If Arizona can settle upon a quarterback and a running back, there is every reason to believe that the Arizona offense is capable of matching last season’s numbers, when the Wildcats were 36th in the nation in scoring (33.5 ppg.) and 31st in total offense (458.5 ypg.).
Conversely, if no preeminent quarterback emerges, and the running game fails to produce decent numbers, Arizona could struggle in 2014.
Arizona’s defensive lineup sounds a great deal like Colorado’s … a makeshift defensive line which could prove to be a disaster; a linebacker corps led by a sophomore who had a great freshman season; and a secondary loaded with returning starters who need to show they can take advantage of their game experience.
The Arizona defensive line is suspect. All you need to know … the starting nose guard could be sophomore Dwight Melvin, who comes into the 2014 season with no starts and limited playing time last fall. The Wildcats have brought in transfers and junior college players to shore up the line – potentially a risky proposition.
The only returning starter at linebacker for Arizona is sophomore Scooby Wright, who was fourth on the team with 83 tackles last season. The other linebackers are as young as Wright … but not as experienced nor as talented.
Which means that the Wildcat secondary will have to have to keep games in control. Four of the five starters from last season return, and they are all seniors. Three-year starting cornerback Jonathan McKnight may be up for all-conference honors, while linebacker/safety Tra-Mayne Bondurant will be starting for his fourth season.
Arizona is well set up for an undefeated September … and possibly a winless October.
The Wildcats open at home against UNLV, a team which Arizona beat 58-13 last year on the road. A road trop to San Antonio to face UTSA (a 38-13 Arizona win in 2013) will be followed by home games against Nevada (4-8 in 2013) and California.
A 4-0 start for the Wildcats is certainly not out of the question.
The next four games on the schedule – the four games Arizona will play before facing Colorado – could all be losses.
A Thursday night game in Eugene against Oregon (and don’t think the Ducks won’t be looking for some payback on national television) could get ugly. The Wildcats then face USC at home before taking on Washington State in Pullman. The week before Arizona plays Colorado, they face a showdown with the Bruins of UCLA.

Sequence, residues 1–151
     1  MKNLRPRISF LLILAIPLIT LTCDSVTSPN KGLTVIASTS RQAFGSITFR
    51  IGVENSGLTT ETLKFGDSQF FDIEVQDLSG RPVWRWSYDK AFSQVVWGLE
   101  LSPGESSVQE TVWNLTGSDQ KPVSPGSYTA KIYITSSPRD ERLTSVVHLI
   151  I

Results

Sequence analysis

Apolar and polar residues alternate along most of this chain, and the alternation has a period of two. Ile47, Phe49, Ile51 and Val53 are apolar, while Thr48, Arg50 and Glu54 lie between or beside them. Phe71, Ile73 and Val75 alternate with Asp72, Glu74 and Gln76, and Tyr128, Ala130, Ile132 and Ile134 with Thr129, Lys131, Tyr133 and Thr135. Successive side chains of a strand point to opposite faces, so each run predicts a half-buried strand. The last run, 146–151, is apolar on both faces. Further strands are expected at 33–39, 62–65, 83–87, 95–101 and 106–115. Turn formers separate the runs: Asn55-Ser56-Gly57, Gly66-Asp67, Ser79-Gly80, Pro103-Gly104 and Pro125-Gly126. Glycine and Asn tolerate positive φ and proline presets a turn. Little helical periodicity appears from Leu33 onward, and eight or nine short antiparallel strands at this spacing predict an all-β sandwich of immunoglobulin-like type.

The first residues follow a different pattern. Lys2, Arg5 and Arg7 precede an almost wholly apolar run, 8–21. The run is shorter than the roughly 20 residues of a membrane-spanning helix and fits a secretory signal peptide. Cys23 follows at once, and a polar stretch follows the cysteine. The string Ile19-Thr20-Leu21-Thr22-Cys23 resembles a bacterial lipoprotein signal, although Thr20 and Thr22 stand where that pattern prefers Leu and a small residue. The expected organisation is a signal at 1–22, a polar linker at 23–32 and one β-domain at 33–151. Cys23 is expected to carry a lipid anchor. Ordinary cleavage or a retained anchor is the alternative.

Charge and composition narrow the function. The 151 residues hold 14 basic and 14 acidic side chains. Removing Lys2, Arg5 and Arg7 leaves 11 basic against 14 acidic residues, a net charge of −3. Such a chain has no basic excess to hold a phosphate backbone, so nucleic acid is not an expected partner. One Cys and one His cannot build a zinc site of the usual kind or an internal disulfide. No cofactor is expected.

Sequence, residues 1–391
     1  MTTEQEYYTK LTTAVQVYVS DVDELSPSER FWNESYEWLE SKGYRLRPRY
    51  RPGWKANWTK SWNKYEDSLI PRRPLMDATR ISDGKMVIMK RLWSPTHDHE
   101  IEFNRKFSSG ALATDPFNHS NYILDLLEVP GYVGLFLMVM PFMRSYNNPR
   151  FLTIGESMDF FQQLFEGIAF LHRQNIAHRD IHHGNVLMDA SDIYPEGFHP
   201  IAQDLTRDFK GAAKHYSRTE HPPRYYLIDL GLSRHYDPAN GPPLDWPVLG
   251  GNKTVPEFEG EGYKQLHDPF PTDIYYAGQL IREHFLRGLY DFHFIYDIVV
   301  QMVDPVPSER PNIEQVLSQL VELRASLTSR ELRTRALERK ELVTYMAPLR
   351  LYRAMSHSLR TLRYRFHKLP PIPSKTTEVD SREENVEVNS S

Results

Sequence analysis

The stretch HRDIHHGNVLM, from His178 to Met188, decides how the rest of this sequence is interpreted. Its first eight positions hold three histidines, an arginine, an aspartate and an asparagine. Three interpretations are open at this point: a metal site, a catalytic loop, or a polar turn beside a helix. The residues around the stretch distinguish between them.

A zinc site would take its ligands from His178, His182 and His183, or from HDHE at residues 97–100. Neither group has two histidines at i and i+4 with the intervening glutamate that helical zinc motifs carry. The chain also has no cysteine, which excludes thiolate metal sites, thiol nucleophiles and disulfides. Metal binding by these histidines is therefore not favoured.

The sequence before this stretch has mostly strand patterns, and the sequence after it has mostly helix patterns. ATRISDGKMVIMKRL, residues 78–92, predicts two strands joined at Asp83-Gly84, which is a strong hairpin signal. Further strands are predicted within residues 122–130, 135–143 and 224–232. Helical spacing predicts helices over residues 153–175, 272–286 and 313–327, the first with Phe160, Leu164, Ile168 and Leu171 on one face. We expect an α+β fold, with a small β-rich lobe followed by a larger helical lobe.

A 4-0 start followed by an 0-4 run is a possibility.
If that were to occur, the Wildcats will be desperate for a win when Colorado comes to town on November 8th. If the 2013 season is any guide, that is not a frame of mind the Buffs want the Wildcats to be in come early November.
Arizona is a hard team to read, and even harder to predict.
Add in the fact that Colorado will not face Arizona until game ten for the Buffs (game nine for the Wildcats), and the game is even more difficult to handicap this far out.
Will Arizona find/develop a quarterback? Will the Wildcats find/develop a running game? Will Colorado still be in the hunt for a bowl game in early November? Can Colorado figure out a way to compete in the desert (since joining the Pac-12, CU is 0-3 on the road against the Arizona schools, with maulings of 54-13, 56-31, and 48-14)?
Arizona no longer has Ka’Deem Carey, who crucified the Buffs’ defense the past two seasons. The Wildcats do not appear to have the makings of a strong rushing team this fall, and may well have an offense which plays into CU’s defensive strengths. Meanwhile, if Arizona can’t patch together a defensive line, the Wildcats may prove vulnerable to the type of offensive attack Colorado hopes to employ this fall.
Only one thing is certain about the CU/Arizona game … If Colorado hopes to post a winning record in 2014, and hopes to be bowling come December, the Arizona game is an opportunity.